There are certain narratives about discrimination and prejudice in our culture that do not lend themselves to any form of deviation.
Rich people mistreat poor people. White people aren’t comfortable with “people of color” moving into their neighborhoods. Straight kids bully the gay kids.
These formulas become easily recognizable to those who regularly follow the news or consume popular culture, unfortunately, because they actually do happen. Discrimination is real. Racism occurs. Bigotry exists.
But what happens when the script is flipped and the party we would assume to have been the oppressor becomes the oppressed? Do we have space left in our media—addled brains to process the possibility that anyone is capable of being a bully?
In 2008, Candice Wiggins was a star African-American basketball player from Stanford University who was selected #3 in the WNBA draft. After years of working incredibly hard to achieve her dream, Candice quickly discovered that all was not what it seemed in the professional ranks of women’s basketball.
“It wasn’t like my dreams came true in the WNBA. It was quite the opposite,” said Wiggins, the former La Jolla Country Day star who is being inducted into the San Diego Hall of Champions’ Bretibard Hall of Fame on Tuesday.
For the first time in an extensive interview, Wiggins described what she said was a “very, very harmful” culture in the WNBA—one in which she contends she was bullied throughout her eight—year career. She also described the discouragement she felt being a part of a “survival league” that she said still struggles for attention and legitimacy after 20 seasons in existence.”
Since announcing her retirement in 2016, Candice has slowly begun to speak out about her difficult experiences in the league.
“Wiggins, a four—time All—American at Stanford, asserts she was targeted for harassment from the time she was drafted by Minnesota because she is heterosexual and a nationally popular figure, of whom many other players were jealous.”
“Me being heterosexual and straight, and being vocal in my identity as a straight woman was huge,” Wiggins said. “I would say 98 percent of the women in the WNBA are gay women. It was a conformist type of place. There was a whole different set of rules they (the other players) could apply.”
“There was a lot of jealousy and competition, and we’re all fighting for crumbs,” Wiggins said. “The way I looked, the way I played—those things contributed to the tension.”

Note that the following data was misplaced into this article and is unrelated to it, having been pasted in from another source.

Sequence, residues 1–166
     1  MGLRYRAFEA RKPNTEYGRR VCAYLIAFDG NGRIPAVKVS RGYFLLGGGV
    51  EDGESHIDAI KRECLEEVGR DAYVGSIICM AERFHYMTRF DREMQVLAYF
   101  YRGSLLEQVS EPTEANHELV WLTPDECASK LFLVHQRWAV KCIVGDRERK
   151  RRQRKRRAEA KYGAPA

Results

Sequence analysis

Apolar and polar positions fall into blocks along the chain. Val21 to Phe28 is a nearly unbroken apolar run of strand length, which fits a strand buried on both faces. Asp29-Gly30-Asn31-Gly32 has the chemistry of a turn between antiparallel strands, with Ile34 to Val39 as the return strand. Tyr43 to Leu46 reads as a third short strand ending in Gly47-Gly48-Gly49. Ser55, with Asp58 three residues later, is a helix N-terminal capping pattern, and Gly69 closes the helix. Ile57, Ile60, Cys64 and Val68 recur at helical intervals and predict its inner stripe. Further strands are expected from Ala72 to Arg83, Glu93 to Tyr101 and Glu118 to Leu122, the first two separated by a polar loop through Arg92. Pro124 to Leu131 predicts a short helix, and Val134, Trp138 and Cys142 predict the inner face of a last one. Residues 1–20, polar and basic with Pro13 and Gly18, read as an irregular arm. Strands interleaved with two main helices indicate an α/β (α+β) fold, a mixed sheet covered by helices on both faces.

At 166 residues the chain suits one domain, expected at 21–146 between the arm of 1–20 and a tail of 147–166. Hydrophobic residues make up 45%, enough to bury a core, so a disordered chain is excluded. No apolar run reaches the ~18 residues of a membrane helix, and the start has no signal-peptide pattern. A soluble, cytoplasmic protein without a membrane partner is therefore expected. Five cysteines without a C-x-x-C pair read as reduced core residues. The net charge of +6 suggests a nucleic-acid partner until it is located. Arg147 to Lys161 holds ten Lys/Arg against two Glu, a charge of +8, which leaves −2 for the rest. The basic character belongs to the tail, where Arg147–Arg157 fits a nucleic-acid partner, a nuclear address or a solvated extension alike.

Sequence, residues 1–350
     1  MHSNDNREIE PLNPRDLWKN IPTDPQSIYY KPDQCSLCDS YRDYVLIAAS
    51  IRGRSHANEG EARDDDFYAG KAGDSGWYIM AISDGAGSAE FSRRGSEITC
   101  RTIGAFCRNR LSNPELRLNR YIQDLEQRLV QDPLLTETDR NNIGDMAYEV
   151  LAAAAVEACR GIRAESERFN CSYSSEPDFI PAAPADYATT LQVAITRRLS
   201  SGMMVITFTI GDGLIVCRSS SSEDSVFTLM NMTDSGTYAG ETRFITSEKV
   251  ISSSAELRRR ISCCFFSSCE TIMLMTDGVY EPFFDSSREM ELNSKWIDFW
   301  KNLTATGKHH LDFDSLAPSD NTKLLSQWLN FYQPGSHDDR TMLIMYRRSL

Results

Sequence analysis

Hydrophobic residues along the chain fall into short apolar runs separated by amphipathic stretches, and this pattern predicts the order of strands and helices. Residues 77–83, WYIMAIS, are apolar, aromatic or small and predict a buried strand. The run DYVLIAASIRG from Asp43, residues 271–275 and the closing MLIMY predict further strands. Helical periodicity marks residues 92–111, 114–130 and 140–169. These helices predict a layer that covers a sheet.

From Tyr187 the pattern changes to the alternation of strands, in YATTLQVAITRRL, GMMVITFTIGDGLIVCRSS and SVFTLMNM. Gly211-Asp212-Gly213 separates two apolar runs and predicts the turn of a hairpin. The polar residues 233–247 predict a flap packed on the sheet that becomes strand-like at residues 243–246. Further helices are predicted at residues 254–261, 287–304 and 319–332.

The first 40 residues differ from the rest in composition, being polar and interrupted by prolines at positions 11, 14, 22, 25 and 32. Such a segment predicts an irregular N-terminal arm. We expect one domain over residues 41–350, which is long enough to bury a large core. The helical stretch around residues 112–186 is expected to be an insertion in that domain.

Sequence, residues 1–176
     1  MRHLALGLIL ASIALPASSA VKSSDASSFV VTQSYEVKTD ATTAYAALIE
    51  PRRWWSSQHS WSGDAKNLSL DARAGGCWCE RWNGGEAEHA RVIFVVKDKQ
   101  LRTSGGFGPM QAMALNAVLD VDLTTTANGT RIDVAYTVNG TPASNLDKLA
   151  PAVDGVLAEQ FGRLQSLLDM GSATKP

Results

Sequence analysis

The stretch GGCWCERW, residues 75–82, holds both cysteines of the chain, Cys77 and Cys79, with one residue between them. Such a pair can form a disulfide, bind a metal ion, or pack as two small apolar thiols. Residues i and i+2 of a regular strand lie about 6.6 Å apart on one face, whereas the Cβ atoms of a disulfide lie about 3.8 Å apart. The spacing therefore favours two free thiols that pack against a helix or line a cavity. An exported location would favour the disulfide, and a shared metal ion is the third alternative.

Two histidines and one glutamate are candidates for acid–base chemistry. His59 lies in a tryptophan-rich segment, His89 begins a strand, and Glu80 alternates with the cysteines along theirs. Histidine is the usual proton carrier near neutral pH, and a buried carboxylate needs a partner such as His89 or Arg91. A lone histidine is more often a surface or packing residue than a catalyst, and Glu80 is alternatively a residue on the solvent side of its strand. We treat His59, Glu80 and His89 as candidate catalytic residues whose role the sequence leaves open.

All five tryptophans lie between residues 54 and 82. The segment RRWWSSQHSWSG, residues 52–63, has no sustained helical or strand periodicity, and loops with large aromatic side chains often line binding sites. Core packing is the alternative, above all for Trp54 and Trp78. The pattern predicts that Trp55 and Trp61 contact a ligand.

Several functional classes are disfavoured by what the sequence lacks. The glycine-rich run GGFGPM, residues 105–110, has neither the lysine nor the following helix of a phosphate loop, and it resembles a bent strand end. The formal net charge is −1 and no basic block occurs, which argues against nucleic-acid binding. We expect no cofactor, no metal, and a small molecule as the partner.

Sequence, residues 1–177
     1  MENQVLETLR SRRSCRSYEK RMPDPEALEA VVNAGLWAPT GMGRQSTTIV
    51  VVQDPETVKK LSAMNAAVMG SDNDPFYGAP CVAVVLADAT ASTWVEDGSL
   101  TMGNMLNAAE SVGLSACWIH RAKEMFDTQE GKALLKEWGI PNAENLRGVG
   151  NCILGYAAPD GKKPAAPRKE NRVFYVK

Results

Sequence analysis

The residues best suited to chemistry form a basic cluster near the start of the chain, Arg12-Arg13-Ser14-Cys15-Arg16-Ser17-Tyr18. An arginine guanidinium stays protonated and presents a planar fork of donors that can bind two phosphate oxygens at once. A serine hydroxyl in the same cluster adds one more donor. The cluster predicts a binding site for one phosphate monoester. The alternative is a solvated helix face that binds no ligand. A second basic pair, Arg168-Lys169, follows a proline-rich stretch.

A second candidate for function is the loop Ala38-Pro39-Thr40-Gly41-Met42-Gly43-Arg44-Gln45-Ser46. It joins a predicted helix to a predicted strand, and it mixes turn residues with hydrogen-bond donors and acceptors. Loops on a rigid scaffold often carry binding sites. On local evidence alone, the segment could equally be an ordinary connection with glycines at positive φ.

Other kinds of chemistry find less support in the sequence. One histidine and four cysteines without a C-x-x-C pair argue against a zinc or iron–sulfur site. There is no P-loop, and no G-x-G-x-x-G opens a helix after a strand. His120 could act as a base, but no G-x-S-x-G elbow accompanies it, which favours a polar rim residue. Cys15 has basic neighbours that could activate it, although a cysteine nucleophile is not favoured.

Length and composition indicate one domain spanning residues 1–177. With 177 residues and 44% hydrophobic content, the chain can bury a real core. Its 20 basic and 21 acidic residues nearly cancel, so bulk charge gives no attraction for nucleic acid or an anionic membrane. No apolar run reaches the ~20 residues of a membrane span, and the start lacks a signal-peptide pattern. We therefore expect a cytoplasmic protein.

The reality of the situation when any former pro athlete claims to be giving the public a “peek behind the curtains” is that he or she ultimately can only share what they saw, heard and did. None of us know exactly what Candice Wiggins experienced. And there certainly has been pushback from current WNBA players who say that Wiggins is unfairly characterizing a “diverse” and “tolerant” atmosphere in the league.
But in my opinion, Wiggins’ claims about being bullied by lesbian players for being straight present us with an opportunity to step back and consider that the world may, in fact, be much more complicated than we (and professors of Gender Studies at your local community college) understand it to be.
The danger in imprinting inalienable archetypes of who the villains (or punch lines) in any social, racial or political conflict will be is that it becomes a form of prejudice itself.
Framing every television commercial so that the dad/husband onscreen is always an incompetent rube because, well, men “deserve it” and have made stereotyped portrayals women in the past is shortsighted. Forcing every film or TV villain to be the old, white (hypocritically), religious guy is not only distastefully biased, it’s creatively crippling for storytellers. News agencies and outlets refusing to cover police shootings or political corruption if the victims of such crimes don’t look a certain way robs us all of vitally important information with which free citizens of a republic make their “public square” decisions.
We aren’t intellectually or morally equipped to process a report like the one Candice Wiggins claims to be giving. It’s not politically correct to even contemplate the possibility that gay women would be able to bully a straight one.
The culprit here is the misguided idea that the worst thing about bigotry is that some groups of people have exhibited it over a long period of time toward other groups of people. But that’s wrong; the worst thing about bigotry is bigotry. The length of time the bigotry in question has been perpetrated is not inconsequential, but to make it the focal point of your argument in favor of ending it will inevitably come back to haunt you.
If Candice Wiggins’ claims are accurate, the issues she’s raised should be addressed by the league (and sports media covering it) regardless of the sexual orientation of those involved. Only that, not tiptoeing around politically correct sensibilities, will stop prejudice and bullying